Socialist Worker

'Don't come here - die in Darfur'

by Charlie Kimber
Issue No. 1927

THE BRITISH government is turning back refugees from Darfur in Sudan, even though it says that appalling suffering and mass murder are going on in the area.

Colin Powell, the US Secretary of State, says “genocide” is taking place in Darfur—but the US’s faithful ally in Europe meets refugees from Sudan with barbed wire and harsh laws.

In the months of April, May and June this year 370 people from Sudan managed to claim asylum in Britain.

An extraordinary 345, over 93 percent, were refused. Just ten people have been granted refugee status so far.

Home secretary David Blunkett and his officials often claim that people arriving in Britain have no real cause to leave their own country. But that cannot be the case for Darfur.

Tony Blair went to Sudan last month and pressed home his view that “we can’t have a situation where thousands of people are dying, and nothing is done”.

Something is being done. Refugees are being pitched back by New Labour to endure further suffering.

Gerard, who is now living illegally in a makeshift camp in France, fled Darfur earlier this year. He left the country because three close relatives had been butchered by government militias.

“I feared I would be next because our family are known for being in favour of tolerance and unity of people from different ethnic backgrounds,” he told Socialist Worker this week.

“The militias made it clear that we were on their target list. The only reason we got the bodies back of those they had killed was to give us a warning.

“My family decided that I should go. It was a very sad day for me, to leave my brother and sisters, my parents and my uncles. But I did not want to die.

“I crossed the border into Libya and then paid some people all my savings to get to Europe. After a long journey on a boat I ended up in Greece. I felt such relief, but also terror that I would be sent back. I hid in a forest for several weeks.”

Then Gerard heard a radio broadcast in the summer featuring British international development secretary Hilary Benn.

“I heard him say that Darfur was the worst humanitarian crisis in the world. At that moment I knew that I had to get to Britain, where I would surely be welcomed. If they knew how much we were suffering then they had to accept us.”

First he went to Holland, then France. He met other Sudanese refugees who had set up camp about three kilometres from the entrance to the Channel Tunnel.

“Whole families were sleeping on beds of cardboard they had made from old boxes,” says Gerard. “They had draped rugs and plastic sheets over branches to make shelters.

“At first I could not understand why they were living like this. It was so squalid, and the conditions got worse all the time. There was rubbish and waste everywhere, and the area was swarming with wasps.

“We would have starved if it had not been for charity handouts from good people who came to help us.

“I was not used to living like this. I had trained as a doctor in Khartoum, and my family had some money—otherwise I would never have got to Europe. ‘Let’s go to Britain,’ I said, but people laughed at me.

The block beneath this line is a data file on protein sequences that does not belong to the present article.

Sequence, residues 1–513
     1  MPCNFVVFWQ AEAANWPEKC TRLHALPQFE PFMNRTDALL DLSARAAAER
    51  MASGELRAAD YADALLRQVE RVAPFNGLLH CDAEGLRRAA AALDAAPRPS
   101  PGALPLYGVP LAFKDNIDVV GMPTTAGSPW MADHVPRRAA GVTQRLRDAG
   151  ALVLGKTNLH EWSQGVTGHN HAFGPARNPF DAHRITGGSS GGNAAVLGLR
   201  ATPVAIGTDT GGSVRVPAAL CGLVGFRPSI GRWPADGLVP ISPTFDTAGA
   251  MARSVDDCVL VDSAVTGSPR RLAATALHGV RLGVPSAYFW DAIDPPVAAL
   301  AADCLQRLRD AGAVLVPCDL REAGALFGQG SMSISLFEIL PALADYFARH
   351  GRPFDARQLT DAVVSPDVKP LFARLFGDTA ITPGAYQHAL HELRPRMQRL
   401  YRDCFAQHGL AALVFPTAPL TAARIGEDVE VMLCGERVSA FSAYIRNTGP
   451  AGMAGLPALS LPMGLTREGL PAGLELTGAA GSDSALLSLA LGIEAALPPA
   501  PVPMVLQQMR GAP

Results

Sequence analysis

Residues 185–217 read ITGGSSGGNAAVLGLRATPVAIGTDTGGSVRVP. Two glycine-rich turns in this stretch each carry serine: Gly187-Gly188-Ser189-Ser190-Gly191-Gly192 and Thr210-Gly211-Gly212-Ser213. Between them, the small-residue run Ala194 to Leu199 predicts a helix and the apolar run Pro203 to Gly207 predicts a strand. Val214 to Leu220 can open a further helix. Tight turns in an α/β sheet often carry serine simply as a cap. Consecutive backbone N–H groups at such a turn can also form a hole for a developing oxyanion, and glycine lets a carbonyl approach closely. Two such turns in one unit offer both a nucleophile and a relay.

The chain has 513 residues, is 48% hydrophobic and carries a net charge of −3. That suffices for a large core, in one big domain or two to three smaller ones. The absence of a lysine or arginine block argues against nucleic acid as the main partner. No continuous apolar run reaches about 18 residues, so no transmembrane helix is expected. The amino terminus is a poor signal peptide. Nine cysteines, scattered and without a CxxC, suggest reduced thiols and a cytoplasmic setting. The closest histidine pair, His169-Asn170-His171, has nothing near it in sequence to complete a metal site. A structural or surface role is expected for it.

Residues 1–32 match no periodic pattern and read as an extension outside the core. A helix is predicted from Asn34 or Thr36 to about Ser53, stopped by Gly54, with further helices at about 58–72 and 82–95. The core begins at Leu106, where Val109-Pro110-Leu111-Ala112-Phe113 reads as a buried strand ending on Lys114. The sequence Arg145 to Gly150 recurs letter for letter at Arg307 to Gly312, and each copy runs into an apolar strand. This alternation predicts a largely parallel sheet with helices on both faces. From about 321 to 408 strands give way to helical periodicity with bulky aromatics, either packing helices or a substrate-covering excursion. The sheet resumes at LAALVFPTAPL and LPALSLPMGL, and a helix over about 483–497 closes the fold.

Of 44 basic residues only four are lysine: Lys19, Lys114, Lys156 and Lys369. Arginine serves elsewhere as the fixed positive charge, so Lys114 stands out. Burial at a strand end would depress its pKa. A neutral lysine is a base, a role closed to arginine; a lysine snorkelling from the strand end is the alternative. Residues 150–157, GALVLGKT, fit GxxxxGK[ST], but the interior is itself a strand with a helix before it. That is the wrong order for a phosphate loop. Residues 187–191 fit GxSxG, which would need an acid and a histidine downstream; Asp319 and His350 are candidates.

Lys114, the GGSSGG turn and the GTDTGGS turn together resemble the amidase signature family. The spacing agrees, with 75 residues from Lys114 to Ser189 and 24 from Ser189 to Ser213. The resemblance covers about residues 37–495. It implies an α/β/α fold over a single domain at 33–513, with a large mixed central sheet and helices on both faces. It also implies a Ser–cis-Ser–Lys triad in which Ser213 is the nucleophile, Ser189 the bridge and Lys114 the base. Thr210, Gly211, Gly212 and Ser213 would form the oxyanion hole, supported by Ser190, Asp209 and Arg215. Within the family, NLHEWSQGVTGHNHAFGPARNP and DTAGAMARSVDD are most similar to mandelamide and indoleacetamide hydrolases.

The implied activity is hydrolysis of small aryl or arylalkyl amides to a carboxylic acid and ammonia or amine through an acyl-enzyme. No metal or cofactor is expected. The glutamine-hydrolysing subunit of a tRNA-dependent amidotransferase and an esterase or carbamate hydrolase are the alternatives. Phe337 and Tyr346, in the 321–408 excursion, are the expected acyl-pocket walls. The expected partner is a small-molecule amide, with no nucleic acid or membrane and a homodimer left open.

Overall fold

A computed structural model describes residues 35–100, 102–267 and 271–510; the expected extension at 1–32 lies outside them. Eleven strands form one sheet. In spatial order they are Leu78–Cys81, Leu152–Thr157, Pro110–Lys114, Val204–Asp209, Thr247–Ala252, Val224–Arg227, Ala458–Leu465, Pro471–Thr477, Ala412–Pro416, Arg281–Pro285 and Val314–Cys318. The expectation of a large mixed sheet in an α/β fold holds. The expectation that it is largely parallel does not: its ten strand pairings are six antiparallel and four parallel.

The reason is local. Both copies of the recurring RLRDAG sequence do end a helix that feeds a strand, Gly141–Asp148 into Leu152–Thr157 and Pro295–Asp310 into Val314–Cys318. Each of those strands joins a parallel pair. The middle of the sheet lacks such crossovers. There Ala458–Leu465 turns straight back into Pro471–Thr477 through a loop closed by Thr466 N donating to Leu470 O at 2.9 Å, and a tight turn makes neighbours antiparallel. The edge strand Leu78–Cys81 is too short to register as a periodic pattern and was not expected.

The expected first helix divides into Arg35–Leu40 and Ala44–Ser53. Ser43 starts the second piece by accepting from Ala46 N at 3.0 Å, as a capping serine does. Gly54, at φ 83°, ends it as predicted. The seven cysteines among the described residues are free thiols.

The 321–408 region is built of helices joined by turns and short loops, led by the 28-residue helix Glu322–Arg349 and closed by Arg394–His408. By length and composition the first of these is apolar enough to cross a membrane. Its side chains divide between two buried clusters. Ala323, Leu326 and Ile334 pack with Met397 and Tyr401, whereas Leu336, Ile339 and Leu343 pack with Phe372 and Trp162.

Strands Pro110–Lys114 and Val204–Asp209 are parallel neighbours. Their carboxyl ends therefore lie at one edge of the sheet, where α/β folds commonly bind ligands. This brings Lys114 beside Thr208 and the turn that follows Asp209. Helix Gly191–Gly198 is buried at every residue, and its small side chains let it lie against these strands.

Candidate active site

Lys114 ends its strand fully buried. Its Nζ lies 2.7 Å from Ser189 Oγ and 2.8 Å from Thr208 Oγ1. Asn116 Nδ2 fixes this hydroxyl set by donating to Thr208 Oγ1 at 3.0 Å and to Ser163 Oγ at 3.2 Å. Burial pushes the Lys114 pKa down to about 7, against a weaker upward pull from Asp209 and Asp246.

“Other Sudanese people had got across to Dover but were sent back because they did not have the right papers. How could we have proof of our identities after what we had been through?

“Some of my friends were hurled out of Britain because it was suspected they were not really from Darfur. They were accused of being from Chad.

“I have no idea how any British official could tell such things, as I cannot myself be sure of such distinctions.”

A Sudanese woman who was refused entry into Britain for “being Chadian” was sent back to France. She killed herself a few days later.

Last week conditions for the Darfur refugees became even worse. Mohammed Isa, a Sudanese refugee, was killed in a fight with a smuggling gang.

There was also talk of a second person killed, and of a deal between the French police and certain refugees to allow them better treatment in exchange for working with the authorities.

“Everything is so corrupt. People are murdered and nothing is said,” says Gerard. “The police did not care at all. To them it was one more problem cleared from the streets. We protested but they taunted us in a racist way, saying we were black rubbish, and so on.

“We went to a local church, the St Pierre and St Paul, to join other refugees who were on hunger strike against repression and for their rights.

“The police came in on Tuesday of last week and threw us all out. That is my life—being thrown out, never having a welcome, never being treated like a human being.

“The police then arrested many of the refugees and took them to a camp. There they were forced to apply for asylum. We can ask for asylum in France, but those who have done so get no sympathy. Many have been expelled from Europe.”

For its own reasons the British government has found it useful to talk about suffering in Sudan. But its treatment of refugees makes those words bitterly hypocritical.

Its real message is, “Thank you for providing some useful propaganda. But please don’t come here. We would much prefer you to stay and die.”

Some names have been changed to protect people against state action.

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Sat 13 Nov 2004, 00:00 GMT
Issue No. 1927
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